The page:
A Sikh sees the two romancing. To get his back on Shamla, he tries to have his way with Shamla’s unsuspecting sister, only to be stopped by his father who chops off his molesting hand with an axe, wraps it in a cloth, lays it at the feet of Shamla’s father asks him for forgiveness. When the one handed son reveals that honour was behind his attempted rape, the Sardarjis want Shamla’s hand too. At which point a character straight out of Maula Jatt steps in and delivers a monologue about the necessity of humanity and the teachings of Islam. The Sardarjis see sense and head back to Chandigarh with an unwilling Preetam in tow pining for Shamla who has been locked in a room.
He manages to call her in Chandigarh, and as soon as her father discovers it, he attacks her with a sword. Her mother comes in the middle, so he hacks her neck instead, wounding her mortally, but not quite fatally. The lady has to live to the very end to reveal that Preetam is actually a Muslim girl she adopted from the hospital after giving birth to a still-born child!
This was probably the change made in the story when Sikhs objected to the inter-religious romance. Noor was so nervous about the film that he showed it to the Sikh community in London, whom this film is targeted towards. It’s a clever move that fails because Larki Punjaban shows Sikhs to be violent bunch of axe happy ruffians. However, it gives them meaty roles.
Indeed, the film revolves around Sikhs in the way that mainstream Hindi films never do. Sikhs are given side roles like the adorable little boy constantly counting stars in Kuch Kuch Hota Hai. Larki Punjaban gives them important roles but fails to etch them out, making them look like a bunch of village idiots.
Syed Noor saves one of the most ludicrous scenes for the very end. It takes place in a park in Manila when Shamla gets up on a rock and invokes the will of God Almighty to determine his and Preetam’s face. The skies thunder down as if in approval and when he throws a coin up to determine the will of God, you can sense that the heavens will want Preetam and Shamla to be together. Shamla wins the toss and Preetam is grateful that she has lost.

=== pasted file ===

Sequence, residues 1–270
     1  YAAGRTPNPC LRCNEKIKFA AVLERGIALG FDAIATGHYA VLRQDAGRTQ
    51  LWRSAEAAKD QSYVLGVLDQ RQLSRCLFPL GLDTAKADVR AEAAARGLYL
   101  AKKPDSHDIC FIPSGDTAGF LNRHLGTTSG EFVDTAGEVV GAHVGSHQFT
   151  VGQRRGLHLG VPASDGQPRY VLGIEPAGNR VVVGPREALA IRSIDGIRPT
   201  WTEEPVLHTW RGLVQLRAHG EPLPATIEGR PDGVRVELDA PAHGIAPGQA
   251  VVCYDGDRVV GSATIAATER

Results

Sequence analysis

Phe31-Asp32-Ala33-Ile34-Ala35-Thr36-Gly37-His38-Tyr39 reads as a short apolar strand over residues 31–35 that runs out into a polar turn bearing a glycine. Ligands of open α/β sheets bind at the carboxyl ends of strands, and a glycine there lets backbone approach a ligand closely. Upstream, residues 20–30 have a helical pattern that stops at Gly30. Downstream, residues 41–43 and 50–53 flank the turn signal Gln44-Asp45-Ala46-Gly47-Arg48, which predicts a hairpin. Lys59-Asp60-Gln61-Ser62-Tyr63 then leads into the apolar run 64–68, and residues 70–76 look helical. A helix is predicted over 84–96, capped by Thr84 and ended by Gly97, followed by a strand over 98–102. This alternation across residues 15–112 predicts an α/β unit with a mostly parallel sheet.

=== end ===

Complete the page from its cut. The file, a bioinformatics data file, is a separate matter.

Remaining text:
Now all that is left is to demonize Hindus and show them up for the conniving cowards that they are. Cut to a Hindu in a temple and a Brahmin telling him to kill the two lovebirds to create discord between Sikhs and Muslims. They cross Saima’s path as she heads up to the masjid for her nikah and her father steps in to save the day and her conversion by telling her that she is Muslim already. The Hindus attack him and in steps a horde of unlikely looking Pathans to fight alongside fellow Pakistani Shamyl.
If Punjabis had a bone to pick with Abrar over Nach Punjaban, then Noor should be publicly denounced for this. The icing on this very stale cake of romance, religion, blood and gore are Noor’s statements that Larki Punjaban was doing better business in London than Kabhi Khushi Kabhie Gham. Such statements are, like the films that they churn out, a lot of bluster.
After the visit of Urmila Matondkar and Mahesh and Pooja Bhatt, the Urdu press was rife with reports of reactions of various film personalities. They all insist that we don’t need anything from India, that our technicians, and indeed, our films are as good as theirs. Talk about living in a fool’s paradise. They would have us believe that all is well in Lollywood when it is painfully obvious that it is just the opposite. It is this head in the sand attitude that is contributing to the closing of cinemas and a reduction in the number of films being made in Pakistan every year.
Critics have often been accused of being too harsh on the Pakistan film industry. It is as if there is a conspiracy within the country to run Pakistani films down. They would have us believe that we should like the rubbish they come up with out of patriotism. If Larki Punjaban is patriotic, then Lollywood had better rethink the way it is serving the country.
These days, Lollywood wallahs are more aggressive against India than the Pakistan army is. And to top it all, it copies the very industry it vilifies but refuses to acknowledge that they can get technical support from across the border.
Lollywood is trying so hard to emulate the formula that Bollywood has perfected. It seems that its films rant and rave because they know they can’t come up to scratch. They try and make up for the lack of a story by excessive emotion. They cover up their lack of awareness by endless blood baths. Red is the most eye catching color so they spill lots of blood. They can’t outdo Bollywood, so they bash Hindus instead.
They can’t make a film on the Pakistani perspective of Kargil so they fit the conflict into the last half hour of Larki Punjaban, a film that should really have been called Aurat Punjaban.
Fear kills the mind, therefore Lollywood is dead – Muniba Kamal
Cast and Production Credits
Year – 2003, Genre – Drama, Country – Pakistan, Language – Urdu, Producer – Afzal M. Khan, Director – Syed Noor, Music Director – Zain, Cast – Saima, Shamyl Khan, Babar Ali, Rashid Mahmood, Rasheed Naz, Tariq Shah, Azhar Rangeela, Bahar Begum, Naghma Begum and Habib